The coronavirus pandemic’s impact has affected many people across the world. Job losses, stretched finances, and health issues are just some of the issues people have been dealing with during the pandemic. It is thus no surprise that the number of people experiencing depression increased in 2020.
The American Medical Association conducted a study through which they discovered that the cases of individuals experiencing depression tripled in 2020, particularly during the COVID-19 pandemic. More than 17 million Americans suffer from clinical depression annually, and these are statistics from all ages. The condition is usually characterized by irritability, hopelessness, and lack of interest in regular activities.
People experiencing depression may also experience a lack of appetite and changes in their sleeping patterns. The symptoms might manifest differently, which means that one person’s symptoms might be different to another. The common characteristic is that depression affects the subject’s ability to get through their daily activities.
If you have experienced any of the above symptoms, you might be going through a depression phase. However, one must not jump to conclusions because false positives are a common occurrence. The best approach is to take a test, which will provide more clarity. Fortunately, you can quickly conduct an online test that will help you know whether you are suffering from depression or whether you are just sad.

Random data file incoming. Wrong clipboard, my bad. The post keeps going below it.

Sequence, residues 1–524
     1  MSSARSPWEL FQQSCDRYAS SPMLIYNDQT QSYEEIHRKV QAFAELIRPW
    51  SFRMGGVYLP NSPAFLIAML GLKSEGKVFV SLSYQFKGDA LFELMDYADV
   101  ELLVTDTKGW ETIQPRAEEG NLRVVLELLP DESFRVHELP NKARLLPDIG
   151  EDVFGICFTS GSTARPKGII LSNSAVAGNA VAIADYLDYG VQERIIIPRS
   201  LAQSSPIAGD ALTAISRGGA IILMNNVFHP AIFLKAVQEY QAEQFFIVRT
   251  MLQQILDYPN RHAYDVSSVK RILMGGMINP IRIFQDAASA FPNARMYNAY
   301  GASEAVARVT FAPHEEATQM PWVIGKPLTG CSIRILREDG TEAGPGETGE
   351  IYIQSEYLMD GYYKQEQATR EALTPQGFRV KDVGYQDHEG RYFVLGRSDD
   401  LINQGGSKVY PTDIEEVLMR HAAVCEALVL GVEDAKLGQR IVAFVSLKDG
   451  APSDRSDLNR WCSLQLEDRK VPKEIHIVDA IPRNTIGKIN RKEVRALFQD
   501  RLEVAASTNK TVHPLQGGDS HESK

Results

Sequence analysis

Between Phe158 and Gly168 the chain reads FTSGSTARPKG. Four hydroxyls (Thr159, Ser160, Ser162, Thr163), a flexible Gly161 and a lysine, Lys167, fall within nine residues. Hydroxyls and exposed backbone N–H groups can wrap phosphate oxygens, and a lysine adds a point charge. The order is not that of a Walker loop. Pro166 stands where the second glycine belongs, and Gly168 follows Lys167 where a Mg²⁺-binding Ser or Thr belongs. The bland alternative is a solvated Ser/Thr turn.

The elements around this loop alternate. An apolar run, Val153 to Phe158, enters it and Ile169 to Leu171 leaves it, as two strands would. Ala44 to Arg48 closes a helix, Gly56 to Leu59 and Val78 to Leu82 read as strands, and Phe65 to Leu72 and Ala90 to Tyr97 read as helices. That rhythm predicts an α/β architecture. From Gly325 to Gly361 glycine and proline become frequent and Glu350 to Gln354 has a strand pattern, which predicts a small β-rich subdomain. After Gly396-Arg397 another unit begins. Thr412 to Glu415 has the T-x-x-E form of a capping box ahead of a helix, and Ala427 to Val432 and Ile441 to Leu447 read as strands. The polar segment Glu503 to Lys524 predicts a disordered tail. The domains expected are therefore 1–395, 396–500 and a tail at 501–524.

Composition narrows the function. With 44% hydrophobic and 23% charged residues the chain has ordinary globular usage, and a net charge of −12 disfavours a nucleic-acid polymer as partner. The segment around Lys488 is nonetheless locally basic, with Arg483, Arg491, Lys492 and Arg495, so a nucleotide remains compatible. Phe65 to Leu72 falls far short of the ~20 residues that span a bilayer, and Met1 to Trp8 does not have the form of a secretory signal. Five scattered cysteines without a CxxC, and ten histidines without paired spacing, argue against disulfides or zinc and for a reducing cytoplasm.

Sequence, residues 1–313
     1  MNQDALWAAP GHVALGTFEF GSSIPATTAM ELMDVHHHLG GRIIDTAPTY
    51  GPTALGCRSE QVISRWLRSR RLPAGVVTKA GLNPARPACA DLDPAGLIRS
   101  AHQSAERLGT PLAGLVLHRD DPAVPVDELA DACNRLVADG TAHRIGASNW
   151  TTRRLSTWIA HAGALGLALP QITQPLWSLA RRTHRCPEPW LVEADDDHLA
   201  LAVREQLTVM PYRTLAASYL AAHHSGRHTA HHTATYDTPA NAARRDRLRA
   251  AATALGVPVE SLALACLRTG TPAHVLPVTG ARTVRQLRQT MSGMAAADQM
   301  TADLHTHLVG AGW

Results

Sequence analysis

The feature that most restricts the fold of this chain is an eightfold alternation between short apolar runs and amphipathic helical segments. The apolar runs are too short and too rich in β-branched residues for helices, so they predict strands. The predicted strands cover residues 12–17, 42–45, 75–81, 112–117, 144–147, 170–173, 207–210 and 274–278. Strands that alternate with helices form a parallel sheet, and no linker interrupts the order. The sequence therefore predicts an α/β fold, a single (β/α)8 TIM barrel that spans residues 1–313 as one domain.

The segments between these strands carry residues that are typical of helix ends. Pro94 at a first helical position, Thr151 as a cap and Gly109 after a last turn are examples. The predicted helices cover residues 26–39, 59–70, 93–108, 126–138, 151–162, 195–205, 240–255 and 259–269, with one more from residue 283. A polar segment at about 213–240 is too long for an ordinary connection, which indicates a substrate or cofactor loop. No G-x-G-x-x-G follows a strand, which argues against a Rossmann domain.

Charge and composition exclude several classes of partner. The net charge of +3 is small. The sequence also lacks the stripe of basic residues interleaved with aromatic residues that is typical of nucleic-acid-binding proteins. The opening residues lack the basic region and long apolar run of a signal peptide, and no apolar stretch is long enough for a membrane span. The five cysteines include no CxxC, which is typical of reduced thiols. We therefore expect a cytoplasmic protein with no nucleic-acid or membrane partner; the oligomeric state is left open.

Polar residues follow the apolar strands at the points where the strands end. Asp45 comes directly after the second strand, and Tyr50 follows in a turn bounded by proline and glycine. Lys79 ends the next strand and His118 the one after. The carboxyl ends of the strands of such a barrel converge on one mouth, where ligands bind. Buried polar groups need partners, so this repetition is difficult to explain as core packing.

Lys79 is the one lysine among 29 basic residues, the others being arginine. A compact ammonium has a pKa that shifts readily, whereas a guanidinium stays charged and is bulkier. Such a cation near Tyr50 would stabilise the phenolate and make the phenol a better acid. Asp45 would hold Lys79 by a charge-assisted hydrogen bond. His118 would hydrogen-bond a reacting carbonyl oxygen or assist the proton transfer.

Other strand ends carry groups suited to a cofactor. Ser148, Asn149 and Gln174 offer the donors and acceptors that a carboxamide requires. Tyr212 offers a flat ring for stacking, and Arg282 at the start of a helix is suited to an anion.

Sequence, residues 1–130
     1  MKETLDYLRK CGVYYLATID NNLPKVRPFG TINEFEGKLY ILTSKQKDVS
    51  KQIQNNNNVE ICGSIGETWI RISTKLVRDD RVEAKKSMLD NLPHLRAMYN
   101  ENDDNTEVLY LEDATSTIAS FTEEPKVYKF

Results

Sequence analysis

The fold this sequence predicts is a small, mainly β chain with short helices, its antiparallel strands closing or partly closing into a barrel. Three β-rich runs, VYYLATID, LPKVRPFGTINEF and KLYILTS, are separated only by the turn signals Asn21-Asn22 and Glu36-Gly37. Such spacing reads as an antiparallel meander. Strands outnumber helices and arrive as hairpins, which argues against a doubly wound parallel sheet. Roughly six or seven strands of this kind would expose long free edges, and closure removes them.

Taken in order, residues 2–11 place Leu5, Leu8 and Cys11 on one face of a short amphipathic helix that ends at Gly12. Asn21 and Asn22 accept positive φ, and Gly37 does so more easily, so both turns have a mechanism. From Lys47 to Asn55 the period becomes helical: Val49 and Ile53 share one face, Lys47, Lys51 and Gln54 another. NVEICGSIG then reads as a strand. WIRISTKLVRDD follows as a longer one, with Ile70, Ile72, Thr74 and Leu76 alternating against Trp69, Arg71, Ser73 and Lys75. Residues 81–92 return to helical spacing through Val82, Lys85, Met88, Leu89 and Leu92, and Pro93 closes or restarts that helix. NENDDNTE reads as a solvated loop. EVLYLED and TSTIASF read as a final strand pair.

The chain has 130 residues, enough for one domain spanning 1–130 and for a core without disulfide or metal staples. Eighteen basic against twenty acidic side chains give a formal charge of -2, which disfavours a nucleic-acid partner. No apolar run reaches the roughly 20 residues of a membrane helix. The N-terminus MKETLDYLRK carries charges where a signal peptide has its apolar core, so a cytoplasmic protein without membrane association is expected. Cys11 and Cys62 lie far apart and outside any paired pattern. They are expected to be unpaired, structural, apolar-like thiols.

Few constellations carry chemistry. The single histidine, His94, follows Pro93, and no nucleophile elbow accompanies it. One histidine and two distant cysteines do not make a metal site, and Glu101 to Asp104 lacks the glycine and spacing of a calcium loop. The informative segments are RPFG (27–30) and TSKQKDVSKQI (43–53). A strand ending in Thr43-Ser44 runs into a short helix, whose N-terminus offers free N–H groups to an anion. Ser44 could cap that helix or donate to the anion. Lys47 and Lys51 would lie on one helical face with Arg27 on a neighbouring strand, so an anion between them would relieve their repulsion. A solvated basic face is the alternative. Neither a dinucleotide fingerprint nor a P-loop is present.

Confidentiality is one reason that many people might consider going through online screening rather than visiting a mental health practitioner. The ongoing pandemic has also triggered a lot of anxiety and stress in many people. One might thus be stressed but not depressed.
If you decide to go for screening through an online tool, make sure a reputable organization backs it. National Alliance on Mental Illness (NAMI) encourages medical practitioners to include depression screening in wellness exams for adults and teenagers. If you take an online test and say you are depressed, you should seek help from a medical practitioner. A licensed mental health professional will be in a better position to guide you on the journey and perhaps even help you get back on the road to recovery.